Elected Presidency White Paper: Changes to law on entrenching powers of the elected president

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Major changes to the elected presidency proposed by a constitutional commission have been largely accepted by the Government, but with significant differences which it spelt out in a White Paper.
Chief Justice Sundaresh Menon (right), speaking on the third day of the Constitutional Commission hearing, held at the Supreme Court on April 26, 2016. PHOTO: ST FILE

SINGAPORE - Parts of the Constitution that safeguard the elected presidency will be amended to give the Government greater flexibility in updating the presidential system, without having to hold a national referendum each time it wants to do so.

The parts that will be changed are two provisions that "entrench" the president's powers - that is, protect them by making it difficult for Parliament to alter these powers.

Currently, these provisions - set out in Article 5A and Article 5(2A) - impose strict conditions that must be met before Parliament can pass the amendments.

Under these Articles, the President can veto any attempt by Parliament to amend the Constitution to curtail his powers.

To override the presidential veto, Parliament must get the support of two-thirds of the population in a national referendum.

Neither of the provisions has been in force. In fact, the Government had suspended them indefinitely.

But an indefinite suspension may not be appropriate, said the Constitutional Commission in a report last week on its review of the elected presidency.

Yesterday, the Government explained why it had suspended the provisions.

It also proposes to re-craft the provisions into a two-tier system.

But the new system will not be put into force for now, said the Government: "It is best to let some time pass, see how the institution works over time, before entrenching."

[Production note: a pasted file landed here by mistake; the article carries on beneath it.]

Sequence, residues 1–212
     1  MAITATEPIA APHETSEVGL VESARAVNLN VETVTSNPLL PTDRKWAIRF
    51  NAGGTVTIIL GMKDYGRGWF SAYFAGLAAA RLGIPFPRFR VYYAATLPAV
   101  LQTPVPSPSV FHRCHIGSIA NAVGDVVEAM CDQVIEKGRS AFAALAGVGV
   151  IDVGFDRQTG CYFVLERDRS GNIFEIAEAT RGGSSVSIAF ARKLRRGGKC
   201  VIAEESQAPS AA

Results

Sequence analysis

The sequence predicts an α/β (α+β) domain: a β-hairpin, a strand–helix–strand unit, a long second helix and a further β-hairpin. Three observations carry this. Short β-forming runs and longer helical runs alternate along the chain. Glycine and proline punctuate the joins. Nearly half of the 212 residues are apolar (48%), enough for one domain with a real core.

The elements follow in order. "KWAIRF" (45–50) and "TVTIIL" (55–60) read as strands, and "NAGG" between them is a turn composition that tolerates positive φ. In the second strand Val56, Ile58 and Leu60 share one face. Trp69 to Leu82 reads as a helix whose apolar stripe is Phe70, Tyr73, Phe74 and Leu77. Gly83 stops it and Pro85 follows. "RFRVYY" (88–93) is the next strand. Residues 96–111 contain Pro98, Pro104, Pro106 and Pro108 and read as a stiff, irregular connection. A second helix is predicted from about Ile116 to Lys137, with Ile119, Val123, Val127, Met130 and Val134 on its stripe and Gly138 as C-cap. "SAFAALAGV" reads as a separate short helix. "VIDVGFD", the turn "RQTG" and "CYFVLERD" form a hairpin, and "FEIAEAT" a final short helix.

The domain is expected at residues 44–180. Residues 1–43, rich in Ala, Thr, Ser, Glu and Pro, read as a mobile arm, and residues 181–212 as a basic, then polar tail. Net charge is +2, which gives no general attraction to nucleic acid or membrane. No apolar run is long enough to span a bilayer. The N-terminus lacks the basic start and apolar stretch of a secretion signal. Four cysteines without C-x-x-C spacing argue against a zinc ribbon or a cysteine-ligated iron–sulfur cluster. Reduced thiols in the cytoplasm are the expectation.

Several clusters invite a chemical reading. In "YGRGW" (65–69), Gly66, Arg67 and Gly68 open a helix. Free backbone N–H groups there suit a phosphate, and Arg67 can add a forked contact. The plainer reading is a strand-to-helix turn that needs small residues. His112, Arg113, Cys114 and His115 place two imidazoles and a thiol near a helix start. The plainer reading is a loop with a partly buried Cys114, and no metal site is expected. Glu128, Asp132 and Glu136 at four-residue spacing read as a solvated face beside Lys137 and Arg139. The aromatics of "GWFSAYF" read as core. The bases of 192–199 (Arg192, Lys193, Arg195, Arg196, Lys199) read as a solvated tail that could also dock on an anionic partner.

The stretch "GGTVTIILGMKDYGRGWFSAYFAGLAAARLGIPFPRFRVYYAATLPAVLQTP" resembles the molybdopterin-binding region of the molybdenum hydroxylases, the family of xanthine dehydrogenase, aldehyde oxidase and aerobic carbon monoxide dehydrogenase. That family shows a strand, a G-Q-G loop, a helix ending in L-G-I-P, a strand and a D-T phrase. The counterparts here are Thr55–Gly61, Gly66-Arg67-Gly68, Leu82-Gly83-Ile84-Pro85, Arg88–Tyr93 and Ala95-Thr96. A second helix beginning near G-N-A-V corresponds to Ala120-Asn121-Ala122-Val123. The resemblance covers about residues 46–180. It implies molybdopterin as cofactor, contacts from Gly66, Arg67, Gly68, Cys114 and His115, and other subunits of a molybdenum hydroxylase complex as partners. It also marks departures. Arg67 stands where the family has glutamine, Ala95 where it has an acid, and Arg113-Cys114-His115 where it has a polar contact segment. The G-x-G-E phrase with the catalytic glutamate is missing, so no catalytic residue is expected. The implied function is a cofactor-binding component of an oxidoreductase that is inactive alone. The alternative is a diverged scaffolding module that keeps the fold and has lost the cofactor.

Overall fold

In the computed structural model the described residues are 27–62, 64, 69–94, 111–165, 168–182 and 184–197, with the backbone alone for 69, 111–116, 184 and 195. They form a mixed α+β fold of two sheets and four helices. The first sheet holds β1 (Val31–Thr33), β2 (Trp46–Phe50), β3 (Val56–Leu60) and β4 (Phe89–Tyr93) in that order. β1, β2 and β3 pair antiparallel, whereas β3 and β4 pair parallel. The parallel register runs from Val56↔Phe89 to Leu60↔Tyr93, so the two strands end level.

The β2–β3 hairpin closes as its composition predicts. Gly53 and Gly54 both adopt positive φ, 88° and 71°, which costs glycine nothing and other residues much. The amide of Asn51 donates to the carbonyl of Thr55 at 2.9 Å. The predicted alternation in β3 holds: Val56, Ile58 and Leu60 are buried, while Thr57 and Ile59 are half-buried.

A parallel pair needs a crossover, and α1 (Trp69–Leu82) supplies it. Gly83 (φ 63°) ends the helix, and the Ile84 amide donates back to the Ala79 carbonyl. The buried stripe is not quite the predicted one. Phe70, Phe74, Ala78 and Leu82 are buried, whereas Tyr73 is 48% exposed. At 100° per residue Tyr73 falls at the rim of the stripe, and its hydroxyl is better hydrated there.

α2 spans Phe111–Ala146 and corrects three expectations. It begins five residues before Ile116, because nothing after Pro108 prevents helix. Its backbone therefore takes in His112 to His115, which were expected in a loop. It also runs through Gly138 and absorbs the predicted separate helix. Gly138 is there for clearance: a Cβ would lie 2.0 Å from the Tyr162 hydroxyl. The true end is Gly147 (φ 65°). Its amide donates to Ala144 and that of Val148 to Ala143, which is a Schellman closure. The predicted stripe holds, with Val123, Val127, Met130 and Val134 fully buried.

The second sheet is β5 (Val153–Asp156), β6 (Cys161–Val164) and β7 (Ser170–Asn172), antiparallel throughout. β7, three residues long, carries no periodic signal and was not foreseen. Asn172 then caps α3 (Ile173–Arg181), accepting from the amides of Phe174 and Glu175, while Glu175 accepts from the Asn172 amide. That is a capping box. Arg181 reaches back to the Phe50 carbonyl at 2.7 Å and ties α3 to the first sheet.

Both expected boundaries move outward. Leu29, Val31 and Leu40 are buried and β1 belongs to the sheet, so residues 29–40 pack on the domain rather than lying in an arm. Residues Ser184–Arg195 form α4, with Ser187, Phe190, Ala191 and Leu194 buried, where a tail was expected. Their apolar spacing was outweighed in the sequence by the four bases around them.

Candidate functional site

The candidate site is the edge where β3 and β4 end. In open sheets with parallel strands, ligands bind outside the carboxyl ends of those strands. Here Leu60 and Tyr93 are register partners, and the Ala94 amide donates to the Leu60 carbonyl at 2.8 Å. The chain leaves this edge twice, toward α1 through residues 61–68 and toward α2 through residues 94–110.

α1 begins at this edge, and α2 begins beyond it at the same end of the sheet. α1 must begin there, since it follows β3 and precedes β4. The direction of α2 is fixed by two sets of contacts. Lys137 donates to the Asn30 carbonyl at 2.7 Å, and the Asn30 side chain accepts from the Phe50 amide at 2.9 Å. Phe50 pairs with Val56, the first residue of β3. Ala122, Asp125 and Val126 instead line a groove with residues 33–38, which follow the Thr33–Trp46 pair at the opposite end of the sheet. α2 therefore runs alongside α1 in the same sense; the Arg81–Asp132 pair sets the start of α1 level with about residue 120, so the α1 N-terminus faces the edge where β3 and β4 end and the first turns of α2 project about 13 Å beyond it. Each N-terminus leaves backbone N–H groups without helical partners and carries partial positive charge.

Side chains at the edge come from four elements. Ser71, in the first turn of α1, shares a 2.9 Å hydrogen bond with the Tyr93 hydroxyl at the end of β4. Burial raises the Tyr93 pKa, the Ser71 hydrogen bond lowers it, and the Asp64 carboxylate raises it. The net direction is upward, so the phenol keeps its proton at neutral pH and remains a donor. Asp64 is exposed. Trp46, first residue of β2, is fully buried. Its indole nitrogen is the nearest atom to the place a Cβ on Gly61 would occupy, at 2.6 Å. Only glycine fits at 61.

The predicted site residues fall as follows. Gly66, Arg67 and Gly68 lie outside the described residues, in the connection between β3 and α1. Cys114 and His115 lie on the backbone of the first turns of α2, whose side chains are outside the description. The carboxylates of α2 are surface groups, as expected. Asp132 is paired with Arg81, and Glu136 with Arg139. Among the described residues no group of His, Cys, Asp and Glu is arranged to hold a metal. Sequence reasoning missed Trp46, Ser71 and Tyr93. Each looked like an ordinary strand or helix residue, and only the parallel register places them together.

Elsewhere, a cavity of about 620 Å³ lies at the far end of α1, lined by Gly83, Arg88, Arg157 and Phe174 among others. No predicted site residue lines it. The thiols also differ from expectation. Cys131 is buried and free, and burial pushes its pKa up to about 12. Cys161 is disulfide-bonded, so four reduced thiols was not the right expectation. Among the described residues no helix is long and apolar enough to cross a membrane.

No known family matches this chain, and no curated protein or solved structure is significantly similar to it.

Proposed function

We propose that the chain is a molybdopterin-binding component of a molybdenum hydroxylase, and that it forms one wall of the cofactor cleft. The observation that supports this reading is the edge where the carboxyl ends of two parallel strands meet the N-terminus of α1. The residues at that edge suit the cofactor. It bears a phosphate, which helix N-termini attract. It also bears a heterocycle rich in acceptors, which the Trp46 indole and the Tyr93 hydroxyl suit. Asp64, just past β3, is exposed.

The reason for its cautious approach was to strike a balance between a Constitution that is too rigid and almost impossible to amend, and an overly flexible Constitution that can be altered by a simple majority vote in Parliament.

Singapore's Constitution needs to be able to continually evolve to meet changing needs, but a national referendum makes this hard.

A two-thirds majority of the electorate will be difficult to get on most issues. Indeed, it is such a high bar, there are only two other instances in the Constitution that require it.

They are: deciding whether to surrender Singapore's sovereignty or control of its armed forces or police force, and amending the provisions governing these decisions.

The issues in a referendum to override a presidential veto will also be complex and unable to be resolved by a simple "yes" or "no" vote.

The framework making it difficult for Parliament to change the laws of the elected presidency is also too broad now. The framework covers more than just the president's core job of safeguarding the reserves and making key public appointments.

It also includes operational details related to the presidency and even provisions completely unrelated to the presidency.

A new two-tier system

In view of this, the Government proposes to separate critical changes to the presidency from non-critical changes, which relates more to procedures.

It also suggests setting different standards for each category.

The first tier of provisions establishes the elected presidency and its powers.

If the Government wants to change them but the president and the Council of Presidential Advisers (CPA) disagree, the Government will need the people's support in a referendum to override the presidential veto.

But if the president and the CPA do not agree on the veto, the Government can go ahead and make the change if two-thirds of Parliament supports it.

The CPA's advice should be given more weight because a presidential veto of these fundamental changes has wide-reaching effects, and should be supported by "at least a majority" of his advisers.

The second tier covers how the president operates.

The Government argued that it was important for it to have the flexibility to amend these operational details, and to ensure they evolve over time as needs change.

If the Government wants to change the second-tier provisions but the president and the CPA disagree, the presidential veto can be overridden if three-quarters of Parliament support the changes.

If the CPA disagrees with the president on his veto, then the change can still go ahead with the support of two-thirds of Parliament.

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